As in 2002, there are some people who believe that achieving these goals will be too difficult and too expensive. At the Clinton Health Access Initiative, we know from over eleven years of experience in helping to build AIDS care and treatment programs around the world and negotiating agreements that lower the prices of drugs and tests, that it will be possible to meet these new goals over the next few years and to do so within existing annual spending levels.
Donor funding for treatment can be deployed more effectively and efficiently by increasing local control of resources and spreading best practices globally. Prevention efforts can be better targeted towards those activities that are most successful. The prices for drugs and diagnostic tests can be reduced from today's levels and new more effective drugs and diagnostics can be deployed economically.
To be successful, global donors must fully replenish organizations like the Global Fund and PEPFAR. And those responsible for spending these funds must commit themselves to be as efficient as possible. With renewed political commitment, we can turn the tide on the AIDS epidemic once and for all time.
The tough economic conditions in the US and Europe make it tempting to cut health funding for resource poor nations. But this would be a mistake.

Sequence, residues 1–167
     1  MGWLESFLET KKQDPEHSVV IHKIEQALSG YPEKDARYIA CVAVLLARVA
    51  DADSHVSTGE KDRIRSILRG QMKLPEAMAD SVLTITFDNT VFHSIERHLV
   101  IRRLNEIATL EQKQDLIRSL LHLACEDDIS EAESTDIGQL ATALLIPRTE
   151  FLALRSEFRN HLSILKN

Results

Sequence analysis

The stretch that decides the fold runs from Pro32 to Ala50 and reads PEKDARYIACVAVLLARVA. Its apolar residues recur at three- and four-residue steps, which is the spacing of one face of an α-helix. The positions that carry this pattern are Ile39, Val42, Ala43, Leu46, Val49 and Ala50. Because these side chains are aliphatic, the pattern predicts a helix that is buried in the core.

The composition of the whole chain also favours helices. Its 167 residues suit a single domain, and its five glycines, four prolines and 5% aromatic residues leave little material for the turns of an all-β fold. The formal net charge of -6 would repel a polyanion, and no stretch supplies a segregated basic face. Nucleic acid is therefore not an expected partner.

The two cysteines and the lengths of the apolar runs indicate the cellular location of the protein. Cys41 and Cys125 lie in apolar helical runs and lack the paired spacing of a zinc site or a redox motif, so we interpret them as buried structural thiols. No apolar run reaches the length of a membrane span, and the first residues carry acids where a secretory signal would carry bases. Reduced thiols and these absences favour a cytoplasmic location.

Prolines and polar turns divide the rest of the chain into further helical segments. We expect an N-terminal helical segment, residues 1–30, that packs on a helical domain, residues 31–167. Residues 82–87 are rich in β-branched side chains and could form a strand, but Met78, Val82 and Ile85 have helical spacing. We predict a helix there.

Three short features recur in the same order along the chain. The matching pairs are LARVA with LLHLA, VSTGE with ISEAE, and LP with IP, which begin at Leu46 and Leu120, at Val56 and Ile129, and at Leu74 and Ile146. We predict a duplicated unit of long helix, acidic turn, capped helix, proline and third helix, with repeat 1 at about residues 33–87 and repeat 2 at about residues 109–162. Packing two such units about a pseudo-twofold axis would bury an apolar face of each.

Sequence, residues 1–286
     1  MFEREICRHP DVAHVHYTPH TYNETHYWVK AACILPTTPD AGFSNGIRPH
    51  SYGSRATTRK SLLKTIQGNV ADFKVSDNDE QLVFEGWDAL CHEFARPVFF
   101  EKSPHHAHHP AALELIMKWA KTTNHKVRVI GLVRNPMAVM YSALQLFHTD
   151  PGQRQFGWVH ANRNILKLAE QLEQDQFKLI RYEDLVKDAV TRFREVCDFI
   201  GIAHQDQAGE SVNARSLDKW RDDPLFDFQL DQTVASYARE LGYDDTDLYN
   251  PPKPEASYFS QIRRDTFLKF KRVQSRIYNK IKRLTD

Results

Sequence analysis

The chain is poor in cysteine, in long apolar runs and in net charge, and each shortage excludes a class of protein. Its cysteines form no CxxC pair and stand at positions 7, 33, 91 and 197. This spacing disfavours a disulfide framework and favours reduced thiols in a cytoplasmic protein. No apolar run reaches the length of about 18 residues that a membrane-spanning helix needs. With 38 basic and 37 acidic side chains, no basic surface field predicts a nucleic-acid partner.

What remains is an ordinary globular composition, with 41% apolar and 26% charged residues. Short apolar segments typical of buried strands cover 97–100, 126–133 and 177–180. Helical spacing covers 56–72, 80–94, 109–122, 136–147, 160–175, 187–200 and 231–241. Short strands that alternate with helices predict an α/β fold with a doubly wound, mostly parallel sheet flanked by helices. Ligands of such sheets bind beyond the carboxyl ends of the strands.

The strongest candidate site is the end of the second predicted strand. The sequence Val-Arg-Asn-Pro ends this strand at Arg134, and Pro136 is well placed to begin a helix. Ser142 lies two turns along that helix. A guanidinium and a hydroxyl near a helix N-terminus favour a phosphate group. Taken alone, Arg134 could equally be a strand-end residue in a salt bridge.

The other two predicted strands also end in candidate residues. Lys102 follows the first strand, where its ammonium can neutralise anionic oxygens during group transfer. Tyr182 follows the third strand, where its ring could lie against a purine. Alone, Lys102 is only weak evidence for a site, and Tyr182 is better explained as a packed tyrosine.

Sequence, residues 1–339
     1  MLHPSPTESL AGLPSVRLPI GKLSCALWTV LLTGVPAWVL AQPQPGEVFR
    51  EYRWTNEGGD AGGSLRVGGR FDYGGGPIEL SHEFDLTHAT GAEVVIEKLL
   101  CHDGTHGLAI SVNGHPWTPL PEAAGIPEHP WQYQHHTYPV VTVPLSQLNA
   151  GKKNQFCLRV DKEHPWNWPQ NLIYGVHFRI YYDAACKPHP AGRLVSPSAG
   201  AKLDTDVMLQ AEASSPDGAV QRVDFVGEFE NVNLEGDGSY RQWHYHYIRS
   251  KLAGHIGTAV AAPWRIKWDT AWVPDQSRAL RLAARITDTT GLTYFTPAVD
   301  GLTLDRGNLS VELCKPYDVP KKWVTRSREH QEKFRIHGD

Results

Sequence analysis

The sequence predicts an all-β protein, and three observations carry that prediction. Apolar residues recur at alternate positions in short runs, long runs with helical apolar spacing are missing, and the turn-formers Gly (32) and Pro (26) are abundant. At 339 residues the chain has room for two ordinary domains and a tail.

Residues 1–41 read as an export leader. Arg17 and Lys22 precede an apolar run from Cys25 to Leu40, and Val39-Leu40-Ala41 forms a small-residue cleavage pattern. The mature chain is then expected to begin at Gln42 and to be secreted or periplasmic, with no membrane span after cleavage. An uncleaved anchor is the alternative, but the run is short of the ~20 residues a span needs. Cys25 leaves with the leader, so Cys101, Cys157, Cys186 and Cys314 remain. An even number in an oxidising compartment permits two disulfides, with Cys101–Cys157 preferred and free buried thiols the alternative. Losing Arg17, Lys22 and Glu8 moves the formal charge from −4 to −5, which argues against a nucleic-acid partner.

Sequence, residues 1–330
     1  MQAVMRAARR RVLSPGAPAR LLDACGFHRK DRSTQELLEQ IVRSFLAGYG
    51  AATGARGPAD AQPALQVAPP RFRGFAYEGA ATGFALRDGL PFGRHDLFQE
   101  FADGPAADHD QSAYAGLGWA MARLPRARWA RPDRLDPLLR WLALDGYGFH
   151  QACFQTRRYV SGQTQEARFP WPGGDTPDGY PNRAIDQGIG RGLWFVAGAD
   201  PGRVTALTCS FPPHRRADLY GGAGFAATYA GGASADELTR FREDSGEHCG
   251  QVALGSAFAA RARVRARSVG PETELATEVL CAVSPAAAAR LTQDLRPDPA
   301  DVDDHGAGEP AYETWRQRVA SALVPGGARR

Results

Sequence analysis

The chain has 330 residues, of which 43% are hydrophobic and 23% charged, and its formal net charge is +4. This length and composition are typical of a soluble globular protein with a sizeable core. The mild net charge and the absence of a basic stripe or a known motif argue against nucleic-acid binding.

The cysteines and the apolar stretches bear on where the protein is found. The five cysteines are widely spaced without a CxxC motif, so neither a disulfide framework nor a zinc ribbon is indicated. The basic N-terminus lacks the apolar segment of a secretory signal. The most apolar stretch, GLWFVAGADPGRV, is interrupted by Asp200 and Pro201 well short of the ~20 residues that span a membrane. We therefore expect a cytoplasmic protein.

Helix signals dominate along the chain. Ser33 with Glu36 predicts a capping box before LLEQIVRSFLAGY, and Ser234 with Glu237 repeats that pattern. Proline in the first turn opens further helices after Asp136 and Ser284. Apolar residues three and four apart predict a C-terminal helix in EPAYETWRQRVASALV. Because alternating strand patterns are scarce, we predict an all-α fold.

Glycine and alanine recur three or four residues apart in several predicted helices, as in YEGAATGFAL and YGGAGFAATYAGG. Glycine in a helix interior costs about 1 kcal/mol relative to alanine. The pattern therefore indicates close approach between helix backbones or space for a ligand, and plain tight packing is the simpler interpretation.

There is a practical reason why taxpayer money in the United States and Europe should be used to fight AIDS in resource poor countries in Africa, the Caribbean and Asia. In our interdependent world, epidemics like AIDS originating in one part of our planet can spread quickly around the world. We cannot simply address the problem in our own countries. Epidemics like AIDS are global and the response must be global.
There is also a moral reason. We are all a part of a common human family. Several years ago, we convened a meeting of people who work for the Clinton Health Access Initiative around the world. There were people from over 30 different religious traditions present. While the explanations for the creation of the universe and the descriptions of a supreme being were different, the teachings of the revered founders and prophets of all of the religions shared a common view -- that all of us have a moral responsibility to care for people who are sick, especially for those who lack the resources to care for themselves.
AIDS does not have to be a death sentence. People who are HIV positive can live long, happy and productive lives. It is within our power as a global community to prevent children from being born with HIV, it is within our reach to dramatically reduce the transmission of the virus among adults and it is both possible and our moral responsibility to try to save the lives of people suffering from AIDS.
This can be done and it is the right thing to do.